More temperate states such as California might appear unfairly advantaged, with temperatures dropping to 40 to 50 degrees in more northerly states, but Los Angeles this week reached into the mid- to low 90s, making any open-air education a sweaty experience and potential health hazard.
Finding an ideal open-air locale to deliver a calculus lecture doesn’t resolve logistical questions such as how to social distance on a school bus and how hot lunches are to be cooked, served and cleaned up.
Green Schoolyards America officials say the first imperative is to simplify.
“A backpack, a seat cushion, a shade hat and a clipboard — and maybe some hand sanitizer,” said Ms. Banks, recounting the basic utensils for safe outdoor learning at some schools. Adding shade via tents, awnings or even carports is required for schoolchildren and teachers. Finding Wi-Fi hot spots outdoors could prove tricky.
While school systems and universities are reporting mounting complications as they try to resume normal classroom instruction, outdoor enthusiasts are gaining devotees.
A Japanese study of 100 cases found it 20 times more likely to transmit the coronavirus — shed through spittle — in an indoor setting such as a meatpacking plant, nursing home or church than outdoors.
Even Dr. Anthony Fauci, head of the National Institute of Allergy and Infectious Diseases and a member of President Trump’s COVID-19 advisory team, told Rhode Island Gov. Gina Raimondo last week that Mother Earth might partly thwart the virus.
“Get as much outdoors as you can,” Dr. Fauci said in a Facebook Live conversation when speaking about schools’ plans to transport children in buses with the windows open. “If you look at the superspreader events that have occurred, they’re almost always inside.”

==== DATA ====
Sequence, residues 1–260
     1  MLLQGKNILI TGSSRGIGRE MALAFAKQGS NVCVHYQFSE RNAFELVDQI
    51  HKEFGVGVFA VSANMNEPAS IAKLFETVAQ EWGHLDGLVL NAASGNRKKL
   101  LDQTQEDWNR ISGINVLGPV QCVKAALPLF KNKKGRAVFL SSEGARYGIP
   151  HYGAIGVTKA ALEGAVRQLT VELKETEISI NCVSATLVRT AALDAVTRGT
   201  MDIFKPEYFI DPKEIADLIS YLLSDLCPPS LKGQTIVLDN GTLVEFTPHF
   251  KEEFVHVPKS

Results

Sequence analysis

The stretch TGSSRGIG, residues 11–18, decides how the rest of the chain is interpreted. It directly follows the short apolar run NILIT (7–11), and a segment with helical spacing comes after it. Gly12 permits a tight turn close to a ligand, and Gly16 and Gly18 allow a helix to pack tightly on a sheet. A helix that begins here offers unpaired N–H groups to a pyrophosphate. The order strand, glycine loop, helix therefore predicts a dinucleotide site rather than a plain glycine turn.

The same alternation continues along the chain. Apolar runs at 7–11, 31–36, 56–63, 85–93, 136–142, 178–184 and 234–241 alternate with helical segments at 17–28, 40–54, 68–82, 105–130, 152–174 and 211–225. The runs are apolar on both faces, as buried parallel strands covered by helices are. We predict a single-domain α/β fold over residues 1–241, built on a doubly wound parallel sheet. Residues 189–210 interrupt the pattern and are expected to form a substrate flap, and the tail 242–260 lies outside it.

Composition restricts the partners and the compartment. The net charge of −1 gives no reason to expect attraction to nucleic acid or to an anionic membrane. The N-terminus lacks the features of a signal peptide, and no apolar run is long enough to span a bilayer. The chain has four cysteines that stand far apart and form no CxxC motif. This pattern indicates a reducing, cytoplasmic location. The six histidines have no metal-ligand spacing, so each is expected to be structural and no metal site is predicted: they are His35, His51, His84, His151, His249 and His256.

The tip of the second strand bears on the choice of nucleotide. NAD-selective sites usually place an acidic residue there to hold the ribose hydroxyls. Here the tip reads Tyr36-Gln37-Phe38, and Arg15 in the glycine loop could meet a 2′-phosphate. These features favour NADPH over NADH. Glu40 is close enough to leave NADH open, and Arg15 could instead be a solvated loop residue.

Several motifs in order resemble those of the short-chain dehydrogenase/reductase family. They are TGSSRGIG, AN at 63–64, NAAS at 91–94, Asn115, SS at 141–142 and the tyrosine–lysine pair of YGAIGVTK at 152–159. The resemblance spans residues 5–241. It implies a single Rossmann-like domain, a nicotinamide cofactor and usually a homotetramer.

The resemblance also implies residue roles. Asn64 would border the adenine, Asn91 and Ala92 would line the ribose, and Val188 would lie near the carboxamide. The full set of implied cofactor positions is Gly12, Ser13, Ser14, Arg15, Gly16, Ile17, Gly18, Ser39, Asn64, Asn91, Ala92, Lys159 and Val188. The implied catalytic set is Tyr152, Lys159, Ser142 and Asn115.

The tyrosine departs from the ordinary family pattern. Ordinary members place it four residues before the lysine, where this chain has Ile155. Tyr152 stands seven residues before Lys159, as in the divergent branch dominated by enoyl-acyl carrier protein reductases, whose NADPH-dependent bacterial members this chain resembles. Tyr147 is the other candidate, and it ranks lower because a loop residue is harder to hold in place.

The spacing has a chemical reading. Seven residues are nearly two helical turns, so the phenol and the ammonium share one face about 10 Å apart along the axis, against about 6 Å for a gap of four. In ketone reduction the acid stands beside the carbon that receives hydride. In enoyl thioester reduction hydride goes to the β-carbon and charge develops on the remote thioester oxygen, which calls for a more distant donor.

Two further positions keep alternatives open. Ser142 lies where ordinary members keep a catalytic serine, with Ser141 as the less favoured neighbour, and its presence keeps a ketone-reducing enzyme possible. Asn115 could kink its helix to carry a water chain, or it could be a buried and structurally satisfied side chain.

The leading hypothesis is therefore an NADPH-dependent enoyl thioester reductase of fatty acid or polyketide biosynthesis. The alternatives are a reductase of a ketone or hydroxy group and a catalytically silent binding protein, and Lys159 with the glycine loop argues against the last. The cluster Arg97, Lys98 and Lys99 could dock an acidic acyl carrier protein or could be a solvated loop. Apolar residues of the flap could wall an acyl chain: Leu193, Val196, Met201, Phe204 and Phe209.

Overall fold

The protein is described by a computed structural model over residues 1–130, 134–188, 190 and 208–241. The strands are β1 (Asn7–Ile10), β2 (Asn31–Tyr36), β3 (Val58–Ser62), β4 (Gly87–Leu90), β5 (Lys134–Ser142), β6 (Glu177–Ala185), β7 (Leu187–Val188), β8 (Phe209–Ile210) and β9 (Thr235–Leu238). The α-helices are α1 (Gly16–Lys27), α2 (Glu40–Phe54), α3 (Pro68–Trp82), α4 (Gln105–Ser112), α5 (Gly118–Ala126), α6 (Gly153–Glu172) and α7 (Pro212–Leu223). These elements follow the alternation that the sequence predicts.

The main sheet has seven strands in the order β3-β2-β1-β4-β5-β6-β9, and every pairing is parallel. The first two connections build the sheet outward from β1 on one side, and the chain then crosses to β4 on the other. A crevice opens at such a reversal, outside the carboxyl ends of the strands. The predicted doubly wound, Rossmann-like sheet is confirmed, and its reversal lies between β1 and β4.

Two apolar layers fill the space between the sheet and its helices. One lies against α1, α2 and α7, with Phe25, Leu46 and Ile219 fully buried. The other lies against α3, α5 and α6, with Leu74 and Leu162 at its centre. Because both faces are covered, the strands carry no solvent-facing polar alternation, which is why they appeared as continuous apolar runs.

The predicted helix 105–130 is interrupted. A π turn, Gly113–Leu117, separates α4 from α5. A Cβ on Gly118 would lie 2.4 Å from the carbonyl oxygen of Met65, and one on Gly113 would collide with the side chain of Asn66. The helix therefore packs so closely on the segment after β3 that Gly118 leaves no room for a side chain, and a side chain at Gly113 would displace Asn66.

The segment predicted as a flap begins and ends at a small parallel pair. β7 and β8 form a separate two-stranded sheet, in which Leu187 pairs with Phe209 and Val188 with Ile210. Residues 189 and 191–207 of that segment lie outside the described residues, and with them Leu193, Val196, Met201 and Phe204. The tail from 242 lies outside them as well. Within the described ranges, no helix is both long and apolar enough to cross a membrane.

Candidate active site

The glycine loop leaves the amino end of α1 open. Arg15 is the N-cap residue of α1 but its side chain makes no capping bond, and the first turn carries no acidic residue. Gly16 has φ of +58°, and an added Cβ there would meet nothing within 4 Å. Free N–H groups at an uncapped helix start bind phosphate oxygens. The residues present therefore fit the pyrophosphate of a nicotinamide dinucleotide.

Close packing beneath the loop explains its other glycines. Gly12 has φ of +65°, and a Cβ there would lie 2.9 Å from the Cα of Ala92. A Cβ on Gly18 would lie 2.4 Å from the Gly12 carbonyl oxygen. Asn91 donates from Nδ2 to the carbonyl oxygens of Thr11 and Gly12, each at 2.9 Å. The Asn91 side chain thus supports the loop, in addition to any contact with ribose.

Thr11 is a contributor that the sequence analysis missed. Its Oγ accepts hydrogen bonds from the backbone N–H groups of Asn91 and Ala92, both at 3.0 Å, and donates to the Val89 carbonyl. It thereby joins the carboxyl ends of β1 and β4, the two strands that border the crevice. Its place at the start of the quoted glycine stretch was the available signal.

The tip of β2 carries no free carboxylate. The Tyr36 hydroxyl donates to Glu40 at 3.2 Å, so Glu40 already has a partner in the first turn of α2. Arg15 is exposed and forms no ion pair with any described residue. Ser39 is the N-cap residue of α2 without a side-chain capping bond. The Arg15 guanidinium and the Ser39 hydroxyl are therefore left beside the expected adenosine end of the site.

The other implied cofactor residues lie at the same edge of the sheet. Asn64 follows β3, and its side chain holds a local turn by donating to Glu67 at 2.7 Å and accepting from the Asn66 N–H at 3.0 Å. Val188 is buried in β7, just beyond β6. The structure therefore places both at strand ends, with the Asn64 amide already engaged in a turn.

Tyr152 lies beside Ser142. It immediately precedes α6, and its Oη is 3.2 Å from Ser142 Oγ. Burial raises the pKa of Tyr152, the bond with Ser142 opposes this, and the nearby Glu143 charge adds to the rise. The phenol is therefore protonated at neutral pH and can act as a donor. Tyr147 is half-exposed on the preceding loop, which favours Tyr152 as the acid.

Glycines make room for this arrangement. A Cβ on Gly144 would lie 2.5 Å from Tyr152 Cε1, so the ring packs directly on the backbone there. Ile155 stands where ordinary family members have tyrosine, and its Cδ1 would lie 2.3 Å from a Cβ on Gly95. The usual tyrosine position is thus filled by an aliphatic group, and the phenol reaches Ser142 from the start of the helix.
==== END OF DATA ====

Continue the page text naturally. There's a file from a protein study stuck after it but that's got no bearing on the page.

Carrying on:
Many schools are listening. Mater Amoris Montessori School in Ashton, Maryland, announced this summer that it was taking advantage of its 13-acre campus and moving all its classes outdoors.
The Massachusetts Department of Elementary and Secondary Education even encouraged outdoor learning in its 34-page guidance published this year for reopening the state’s schools. Administrators in Princeton, New Jersey, also encouraged teachers in a proposed fall reentry plan to use outdoor learning when appropriate.
With plans for America’s 55 million schoolchildren evolving by the day and research showing children shed the coronavirus at higher rates than previously thought, parents, teachers and administrators are getting creative.
A poll from Gallup this month found the nation roughly split into thirds on the question of sending children back full time to physical classrooms, learning in a hybrid model or learning entirely in an online environment.
Some higher-income parents are dropping out of traditional schools and banding together with other parents to hire teachers and form “learning pods.” Some parents are shifting from online-learning public schools to private schools. Others are clamoring for learning packets to be completed old-fashioned style at a table with a pencil.
But those advocating open-air schooling hope their advice might take root long after the coronavirus crisis is over. Academic research, they say, has shown that outdoor learning can decrease suspensions and raise test scores.
At Tennessee’s Soddy-Daisy school, Ms. Phillips anticipates students bringing tadpoles back to the classroom, where they can settle on a carpet under fresh air to investigate their finds.
“When you can take things outside and teach, it helps build community,” said Ms. Phillips. “It helps relax [children’s] inhibitions, and they kind of look at each other differently.”